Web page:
Monday, March 16, 2015


TUESDAY, 4th Week of Lent

March 17, 2015 TUESDAY, 4th Week of Lent

St. Patrick, Bishop and Missionary



Ez 47:1-9, 12 / Jn 5:1-16


[St. Patrick (389 - 461) was the apostle of Ireland.]


Reading: Ez 47:1-9, 12

     The man brought me back to the entrance of the Temple and I saw water coming out from the threshold of the Temple and flowing eastwards. The Temple faced the east and the water flowed from the south side of the Temple, from the south side of the altar. He then brought me out through the north gate and led me around the outside to the outer gate facing the east and there I saw the stream coming from the south side.

     The man had a measuring cord in his hand. As he went towards the east he measured off a thousand cubits and led me across the water which was up to my ankles. He measured off another thousand cubits and made me cross the water which came to my knees. He measured off another thousand cubits and we crossed the water which was up to my waist. When he had again measured a thousand cubits, I could not cross the torrent for it had swollen to a depth which was impossible to cross without swimming.

     The man then said to me, "Son of man, did you see?" He led me on further and then brought me back to the bank of the river. There I saw a number of trees on both sides of the river. He said to me, "This water goes to the east, down to the Arabah, and when it flows into the sea of foul-smelling water, the water will become wholesome. Wherever the river flows, swarms of creatures will live in it; fish will be plentiful and the sea water will become fresh. Wherever it flows, life will abound. Fishermen will stand on the banks and spread nets from En Gedi to En Eglaim. Fish of many kinds will be found there, like the fish of the open sea and very plentiful. 

     Near the river on both banks there will be all kinds of fruit trees with foliage that will not wither and fruit that will never fail; each month they will bear a fresh crop because the water comes from the Temple. The fruit will be good to eat and the leaves will be used for healing.


Gospel Reading: Jn 5:1-16

     After this there was a feast of the Jews and Jesus went up to Jerusalem. Now, by the Sheep Gate in Jerusalem, there is a pool (called Bethzatha in Hebrew) surrounded by five galleries. In these galleries lay a multitude of sick people -blind, lame and paralyzed. . . .

     There was a man who had been sick for thirty-eight years. Jesus saw him, and since he knew how long this man had been lying there, he said to him, "Do you want to be healed?" And the sick man answered, "Sir, I have no one to put me into the pool when the water is disturbed; so while I am still on my way, another steps down before me."

     Jesus then said to him, "Stand up, take your mat and walk." And at once the man was healed, and he took up his mat and walked.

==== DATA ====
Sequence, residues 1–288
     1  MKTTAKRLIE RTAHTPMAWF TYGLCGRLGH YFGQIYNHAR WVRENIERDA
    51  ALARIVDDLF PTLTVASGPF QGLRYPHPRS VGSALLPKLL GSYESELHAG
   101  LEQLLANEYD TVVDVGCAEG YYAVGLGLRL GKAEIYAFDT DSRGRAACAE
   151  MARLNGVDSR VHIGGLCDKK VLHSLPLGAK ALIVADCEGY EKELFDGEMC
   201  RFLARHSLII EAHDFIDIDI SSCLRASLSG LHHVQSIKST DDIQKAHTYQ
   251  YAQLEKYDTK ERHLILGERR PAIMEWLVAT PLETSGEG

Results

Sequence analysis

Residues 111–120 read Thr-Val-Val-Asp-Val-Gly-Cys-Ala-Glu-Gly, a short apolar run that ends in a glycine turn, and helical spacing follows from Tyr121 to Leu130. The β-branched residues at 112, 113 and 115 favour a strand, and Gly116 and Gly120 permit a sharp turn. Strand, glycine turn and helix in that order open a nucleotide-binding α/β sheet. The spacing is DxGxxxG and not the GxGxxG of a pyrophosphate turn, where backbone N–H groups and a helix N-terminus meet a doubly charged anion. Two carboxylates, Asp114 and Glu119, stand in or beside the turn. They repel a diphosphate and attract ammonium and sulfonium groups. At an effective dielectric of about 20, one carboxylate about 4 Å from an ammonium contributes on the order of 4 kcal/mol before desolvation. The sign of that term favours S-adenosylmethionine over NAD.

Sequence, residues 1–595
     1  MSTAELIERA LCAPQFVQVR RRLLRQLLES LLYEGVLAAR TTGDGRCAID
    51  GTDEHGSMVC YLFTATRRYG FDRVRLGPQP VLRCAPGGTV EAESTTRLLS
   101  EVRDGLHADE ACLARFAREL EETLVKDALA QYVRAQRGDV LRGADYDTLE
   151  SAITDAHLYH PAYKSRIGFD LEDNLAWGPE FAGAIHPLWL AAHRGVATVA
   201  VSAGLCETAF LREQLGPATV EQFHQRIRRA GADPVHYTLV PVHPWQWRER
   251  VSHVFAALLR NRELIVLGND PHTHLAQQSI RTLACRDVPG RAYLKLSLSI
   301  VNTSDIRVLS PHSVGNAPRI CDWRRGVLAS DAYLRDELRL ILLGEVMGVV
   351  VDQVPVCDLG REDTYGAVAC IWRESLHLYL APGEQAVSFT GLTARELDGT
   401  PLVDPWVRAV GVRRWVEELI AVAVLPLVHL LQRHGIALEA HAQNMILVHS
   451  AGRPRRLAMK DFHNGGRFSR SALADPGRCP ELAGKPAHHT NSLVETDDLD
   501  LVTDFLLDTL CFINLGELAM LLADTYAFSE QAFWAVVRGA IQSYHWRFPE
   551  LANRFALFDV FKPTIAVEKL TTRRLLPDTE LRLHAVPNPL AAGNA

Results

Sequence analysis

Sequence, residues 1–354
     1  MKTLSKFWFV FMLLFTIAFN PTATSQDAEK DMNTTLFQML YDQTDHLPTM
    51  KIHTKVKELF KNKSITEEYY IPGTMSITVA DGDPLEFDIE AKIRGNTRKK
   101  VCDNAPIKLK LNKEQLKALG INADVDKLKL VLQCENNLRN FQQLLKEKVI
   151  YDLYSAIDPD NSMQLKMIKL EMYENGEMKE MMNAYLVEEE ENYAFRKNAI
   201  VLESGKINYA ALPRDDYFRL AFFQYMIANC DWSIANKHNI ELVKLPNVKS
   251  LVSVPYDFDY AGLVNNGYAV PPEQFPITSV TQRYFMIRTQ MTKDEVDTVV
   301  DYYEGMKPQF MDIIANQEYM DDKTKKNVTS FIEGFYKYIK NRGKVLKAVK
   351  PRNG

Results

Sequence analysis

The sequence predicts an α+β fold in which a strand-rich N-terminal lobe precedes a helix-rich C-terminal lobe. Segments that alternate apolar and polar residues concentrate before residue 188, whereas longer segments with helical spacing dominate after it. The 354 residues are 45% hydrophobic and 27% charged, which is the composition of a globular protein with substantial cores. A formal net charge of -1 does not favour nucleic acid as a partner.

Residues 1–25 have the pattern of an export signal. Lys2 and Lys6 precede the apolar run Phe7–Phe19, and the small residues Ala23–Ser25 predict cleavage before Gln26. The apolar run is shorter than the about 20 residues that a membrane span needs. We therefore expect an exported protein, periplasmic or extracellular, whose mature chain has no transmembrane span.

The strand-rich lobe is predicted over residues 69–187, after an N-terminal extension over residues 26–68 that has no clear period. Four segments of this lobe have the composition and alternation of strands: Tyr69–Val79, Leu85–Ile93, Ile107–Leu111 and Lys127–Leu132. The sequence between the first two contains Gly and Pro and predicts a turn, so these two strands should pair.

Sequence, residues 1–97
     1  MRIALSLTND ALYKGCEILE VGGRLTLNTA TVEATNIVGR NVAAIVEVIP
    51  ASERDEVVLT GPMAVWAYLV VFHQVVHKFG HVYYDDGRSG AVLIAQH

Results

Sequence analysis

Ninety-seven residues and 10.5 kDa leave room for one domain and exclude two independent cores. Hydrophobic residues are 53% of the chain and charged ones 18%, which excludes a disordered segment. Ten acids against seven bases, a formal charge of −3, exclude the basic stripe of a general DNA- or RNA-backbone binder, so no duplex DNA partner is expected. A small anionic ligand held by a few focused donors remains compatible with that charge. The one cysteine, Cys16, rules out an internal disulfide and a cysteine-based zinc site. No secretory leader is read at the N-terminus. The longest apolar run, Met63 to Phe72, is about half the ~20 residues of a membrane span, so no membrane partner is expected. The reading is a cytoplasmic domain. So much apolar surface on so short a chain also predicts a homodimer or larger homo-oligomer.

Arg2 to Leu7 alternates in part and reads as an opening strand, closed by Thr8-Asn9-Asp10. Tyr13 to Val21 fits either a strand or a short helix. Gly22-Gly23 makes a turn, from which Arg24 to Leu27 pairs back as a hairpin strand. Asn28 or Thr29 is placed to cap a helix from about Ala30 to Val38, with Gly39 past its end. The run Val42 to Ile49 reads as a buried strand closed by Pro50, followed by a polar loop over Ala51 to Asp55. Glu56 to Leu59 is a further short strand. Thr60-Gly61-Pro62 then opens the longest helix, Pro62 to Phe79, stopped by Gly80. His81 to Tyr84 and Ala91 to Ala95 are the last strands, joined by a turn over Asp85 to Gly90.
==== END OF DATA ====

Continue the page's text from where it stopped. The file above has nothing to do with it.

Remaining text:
Now that day happened to be the Sabbath. So the Jews said to the man who had just been healed, "It is the Sabbath and the Law doesn't allow you to carry your mat." He answered them, "The one who healed me said to me: Take up your mat and walk." They asked him, "Who is the one who said to you: Take up your mat and walk?" But the sick man had no idea who it was who had cured him. . .

     Afterwards Jesus met him in the Temple court and told him, "Now you are well; don't sin again, lest something worse happen to you." And the man went back and told the Jews that it was Jesus who had healed him. So the Jews persecuted Jesus because he performed healings like that on the Sabbath.

     Jesus replied, "My Father goes on working and so do I." And the Jews tried all the harder to kill him, for Jesus not only broke the Sabbath observance, but also made himself equal with God, calling him his own Father.



     If faith is the ability to see the wonders of God, then the Jews in the Gospel story were probably suffering from "near-sighted faith." As the cliché goes, they missed the forest for the trees. Their "affliction" left them squinting at the fine-print, blind to the miracle that had unfolded before their very eyes.

We are often guilty of similar spiritual myopia. We see injustice and suffering. We complain about little inconveniences, small things that don't go our way. But perhaps with a little adjustment in perspective, we will see God's master plan unfolding in our lives - despite and even in tandem with problems along the way.

Lent is a good time to check our perspective. Maybe complaints can give way to gratitude - and we don't miss out on everyday miracles.


















Finally, we pray for one another, for those who have asked our prayers and for those who need our prayers the most. 


Have a good day!



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   |  The Daily Prayer, a service and an apostolate of the

   |  priests, laity and friends of Mary the Queen Parish

   |  distributed free and for personal use only.  



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